TOTAL NONSENSE

 

By me...ack ack ack...about 1986

 

Annie had been fond of ol' George ever since the time he saved her favorite tree from

being made into an outhouse. It was only a small pecan tree and Annie had other plans

for it that involved sitting on its topmost branch and looking out across the brown plains

and winding rivers to the green mountains far away. Also, from there, she could secretly

watch Humbert flying his red kite, which he did from evening to dawn every day except

 on those Tuesdays when the temperature was below 45 degrees.  Annie liked to watch

Humbert as often as she could, but she found it hard in the wee hours of rainy nights. At

those times she would climb down from the top limb of the little pecan tree, wrap her

snuggly rug securely about herself and ski across the hill to the village of Flumhavy, some

67 miles away. In the town, her favorite thing to do was to stand on the edge of the central fountain in the enormous garden belonging to feeble Count Rasbarn and sing her beloved

Welsh folksong about yellow-flower stew.  The Count was so entranced by her singing that

his old heart would vibrate with joy and delight and often he sent her nine or ten orange popsicles as a sign of his affection. As popsicles caused the growth of large purple hairs

on her nose, Annie very seldom actually ate them, but more often would stuff them into

the argyle sock she kept tied to her belt, and skiing back across the hill, would toss them

gaily one by one to the large and always hungry rabbits that lived in the flowerpots

scattered along her path. 

 

Back again in the little pink cottage she shared with her aged grandmother Smuftdorp,

she went happily about her daily chore of plucking the spotted mushrooms off the wide

crack in the footboard of the bed that had belonged to her mother back in the days when dolphins had actually played freely and without fear in the pond behind the bakery.  She

wished she, too, could have witnessed such a marvelous thing, but last Friday was way too

long ago for someone like her with green elbows to remember.

 

Her pet zebra, Pimzork the Good, stuck its head through the round window over the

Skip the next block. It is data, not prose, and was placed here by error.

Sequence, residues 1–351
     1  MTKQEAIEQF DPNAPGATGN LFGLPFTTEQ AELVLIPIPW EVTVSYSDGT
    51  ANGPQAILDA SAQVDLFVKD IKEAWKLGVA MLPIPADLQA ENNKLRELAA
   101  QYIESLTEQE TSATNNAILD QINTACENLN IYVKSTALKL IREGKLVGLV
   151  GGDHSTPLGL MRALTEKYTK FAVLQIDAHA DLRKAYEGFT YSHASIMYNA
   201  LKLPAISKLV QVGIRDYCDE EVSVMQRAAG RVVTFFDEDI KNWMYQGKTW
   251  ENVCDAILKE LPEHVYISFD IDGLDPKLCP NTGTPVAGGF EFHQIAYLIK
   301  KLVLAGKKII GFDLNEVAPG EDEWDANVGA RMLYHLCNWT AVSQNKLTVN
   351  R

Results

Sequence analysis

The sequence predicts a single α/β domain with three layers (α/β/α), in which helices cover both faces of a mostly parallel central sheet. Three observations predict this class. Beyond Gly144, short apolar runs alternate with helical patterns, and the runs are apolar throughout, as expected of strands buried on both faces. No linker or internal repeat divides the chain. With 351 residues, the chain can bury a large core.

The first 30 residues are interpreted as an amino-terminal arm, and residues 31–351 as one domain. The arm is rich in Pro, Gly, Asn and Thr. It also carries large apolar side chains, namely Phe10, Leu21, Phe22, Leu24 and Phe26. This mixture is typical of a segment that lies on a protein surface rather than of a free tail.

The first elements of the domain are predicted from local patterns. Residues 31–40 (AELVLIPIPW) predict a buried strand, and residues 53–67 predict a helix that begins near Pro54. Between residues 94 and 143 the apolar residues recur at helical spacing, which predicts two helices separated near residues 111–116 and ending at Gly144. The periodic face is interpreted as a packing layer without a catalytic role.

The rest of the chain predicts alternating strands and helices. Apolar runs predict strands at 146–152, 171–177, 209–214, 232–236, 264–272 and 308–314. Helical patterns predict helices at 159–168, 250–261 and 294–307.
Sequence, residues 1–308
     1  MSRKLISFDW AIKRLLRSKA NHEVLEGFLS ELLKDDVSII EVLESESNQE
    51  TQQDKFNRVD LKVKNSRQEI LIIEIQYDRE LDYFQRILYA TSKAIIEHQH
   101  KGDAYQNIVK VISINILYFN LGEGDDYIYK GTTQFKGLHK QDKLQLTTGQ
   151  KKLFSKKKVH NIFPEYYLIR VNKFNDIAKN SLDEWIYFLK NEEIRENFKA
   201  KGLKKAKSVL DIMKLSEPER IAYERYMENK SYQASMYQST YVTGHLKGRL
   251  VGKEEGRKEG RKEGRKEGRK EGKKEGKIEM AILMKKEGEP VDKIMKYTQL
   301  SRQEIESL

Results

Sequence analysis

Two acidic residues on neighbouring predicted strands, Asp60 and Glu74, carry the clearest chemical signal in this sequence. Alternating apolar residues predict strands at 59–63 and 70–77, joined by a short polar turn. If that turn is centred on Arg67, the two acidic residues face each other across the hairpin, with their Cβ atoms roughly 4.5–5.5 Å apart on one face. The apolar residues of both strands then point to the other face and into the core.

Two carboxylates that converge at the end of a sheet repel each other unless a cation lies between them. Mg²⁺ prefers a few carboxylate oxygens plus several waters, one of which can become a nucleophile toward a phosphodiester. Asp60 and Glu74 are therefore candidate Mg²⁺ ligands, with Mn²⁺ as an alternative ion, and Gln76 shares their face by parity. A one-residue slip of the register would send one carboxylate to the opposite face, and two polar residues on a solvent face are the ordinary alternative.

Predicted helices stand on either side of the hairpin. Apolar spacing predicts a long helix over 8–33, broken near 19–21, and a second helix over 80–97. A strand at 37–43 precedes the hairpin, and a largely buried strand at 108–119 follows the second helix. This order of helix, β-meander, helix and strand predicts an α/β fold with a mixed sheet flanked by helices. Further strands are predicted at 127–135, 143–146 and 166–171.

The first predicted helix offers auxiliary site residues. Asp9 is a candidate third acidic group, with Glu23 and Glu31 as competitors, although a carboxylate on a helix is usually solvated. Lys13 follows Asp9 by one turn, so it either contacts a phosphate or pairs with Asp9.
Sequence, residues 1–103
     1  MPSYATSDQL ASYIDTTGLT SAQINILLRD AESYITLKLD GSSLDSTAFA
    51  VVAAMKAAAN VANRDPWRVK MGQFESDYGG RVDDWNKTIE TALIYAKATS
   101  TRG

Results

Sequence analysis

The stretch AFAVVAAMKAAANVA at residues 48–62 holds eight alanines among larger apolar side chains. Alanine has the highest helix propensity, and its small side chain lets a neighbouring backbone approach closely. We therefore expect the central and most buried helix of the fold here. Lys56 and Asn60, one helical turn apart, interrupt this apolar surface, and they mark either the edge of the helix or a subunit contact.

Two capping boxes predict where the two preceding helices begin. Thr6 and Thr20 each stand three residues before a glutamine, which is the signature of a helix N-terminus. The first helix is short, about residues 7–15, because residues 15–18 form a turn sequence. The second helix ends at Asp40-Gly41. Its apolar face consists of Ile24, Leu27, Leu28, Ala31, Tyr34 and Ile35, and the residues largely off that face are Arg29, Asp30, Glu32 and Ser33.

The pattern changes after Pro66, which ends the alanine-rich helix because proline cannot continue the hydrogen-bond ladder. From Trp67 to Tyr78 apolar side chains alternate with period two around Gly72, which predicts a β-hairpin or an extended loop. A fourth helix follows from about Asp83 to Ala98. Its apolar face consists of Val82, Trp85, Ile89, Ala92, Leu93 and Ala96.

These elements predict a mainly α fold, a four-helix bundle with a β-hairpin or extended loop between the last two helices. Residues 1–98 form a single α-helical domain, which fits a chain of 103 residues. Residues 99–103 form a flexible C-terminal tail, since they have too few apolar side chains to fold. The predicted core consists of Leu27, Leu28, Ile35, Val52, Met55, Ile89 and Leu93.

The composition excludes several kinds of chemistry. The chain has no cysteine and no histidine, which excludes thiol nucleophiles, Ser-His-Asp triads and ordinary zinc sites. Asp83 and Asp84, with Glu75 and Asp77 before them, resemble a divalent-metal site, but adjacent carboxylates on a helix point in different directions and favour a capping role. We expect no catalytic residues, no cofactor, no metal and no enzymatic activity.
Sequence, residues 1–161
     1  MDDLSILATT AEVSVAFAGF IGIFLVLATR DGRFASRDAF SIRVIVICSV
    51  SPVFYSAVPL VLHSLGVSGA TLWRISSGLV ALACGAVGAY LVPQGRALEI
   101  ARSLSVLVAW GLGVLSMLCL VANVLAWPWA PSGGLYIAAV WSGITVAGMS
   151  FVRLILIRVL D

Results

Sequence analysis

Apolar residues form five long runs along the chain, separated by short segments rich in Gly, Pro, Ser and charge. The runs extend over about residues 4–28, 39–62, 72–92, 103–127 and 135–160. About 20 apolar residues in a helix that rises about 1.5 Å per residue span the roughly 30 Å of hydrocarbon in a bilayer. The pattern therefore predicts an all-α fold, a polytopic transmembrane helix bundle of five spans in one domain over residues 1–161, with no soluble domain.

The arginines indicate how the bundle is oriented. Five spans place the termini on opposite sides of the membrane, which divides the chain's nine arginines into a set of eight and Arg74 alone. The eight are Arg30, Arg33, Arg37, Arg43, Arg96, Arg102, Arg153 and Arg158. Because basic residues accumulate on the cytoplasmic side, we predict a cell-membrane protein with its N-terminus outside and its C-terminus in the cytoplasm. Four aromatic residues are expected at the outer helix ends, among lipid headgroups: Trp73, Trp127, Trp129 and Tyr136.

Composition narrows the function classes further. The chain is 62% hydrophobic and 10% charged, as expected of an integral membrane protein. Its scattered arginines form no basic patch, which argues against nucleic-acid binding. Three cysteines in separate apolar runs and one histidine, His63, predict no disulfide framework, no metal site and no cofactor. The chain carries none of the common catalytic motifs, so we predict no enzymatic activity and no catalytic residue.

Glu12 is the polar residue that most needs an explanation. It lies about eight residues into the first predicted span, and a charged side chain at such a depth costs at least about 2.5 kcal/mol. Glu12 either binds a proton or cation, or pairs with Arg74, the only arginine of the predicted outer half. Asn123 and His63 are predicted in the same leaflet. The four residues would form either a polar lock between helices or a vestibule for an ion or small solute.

small, checkered suitcase in which Annie kept her special collection of pink crumbs. 

Annie reached through the maze of cobwebs to pet Pimzork the Good softly on her

nose, carefully avoiding the small sore spot on Pimzork the Good's left ear where the

plow had gouged it during the time when Pimzork the Good had fallen through the rotten

floorboards of grandmother Smuftdorp's treehouse and ended up flat on her back in the

middle of the yam garden during planting season last July.  Nine thousand three hundred

 and four ladybugs had been flattened beyond recognition by Pimzork the Good's landing, resulting in the subsequent loss of half the pineapple dough that would be needed to feed

the firemen when they returned from their trip to Nova Scotia to look for the elusive

nesting site of the bramble-bee.  The loss had devastated the whole community and Annie

had not yet recovered from the shame and humiliation...which was why the prospect of

her favorite pecan tree being made into an outhouse was doubly hard for her to bear

and why she felt especially indebted to George, who had also convinced Queen Grupt to

look elsewhere for the wood needed to reinforce the planking in the center of her giant

bookcase where all the tromping footsteps of generation upon generation of male yucca

worms had worn it thin. 

 

Annie could feel in her heart that a new day was dawning in which her aprons would be

clean again and the gingerbread would not sink low in the middle.  The very thought of it

made her smile in happiness and the purple ribbon she wore tied around her earlobe as a memento of the sandstorm that had blown all the stepladders into the swamp seemed to

glow a more delicate shade of lavender in the reflected beauty of her teeth that had, at last,

been returned to her on the day last year when Mister Evonoburp's nephew had discovered

the ant inside the tin lantern that hung way out over the entrance to the mineshaft.  It was

a day she would never forget as long as she could remember it.

 

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